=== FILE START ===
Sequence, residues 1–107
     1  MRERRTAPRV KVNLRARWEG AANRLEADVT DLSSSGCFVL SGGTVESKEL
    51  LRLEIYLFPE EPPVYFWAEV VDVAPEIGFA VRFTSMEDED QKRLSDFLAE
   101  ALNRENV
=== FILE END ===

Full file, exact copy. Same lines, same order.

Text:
Sequence, residues 1–107
     1  MRERRTAPRV KVNLRARWEG AANRLEADVT DLSSSGCFVL SGGTVESKEL
    51  LRLEIYLFPE EPPVYFWAEV VDVAPEIGFA VRFTSMEDED QKRLSDFLAE
   101  ALNRENV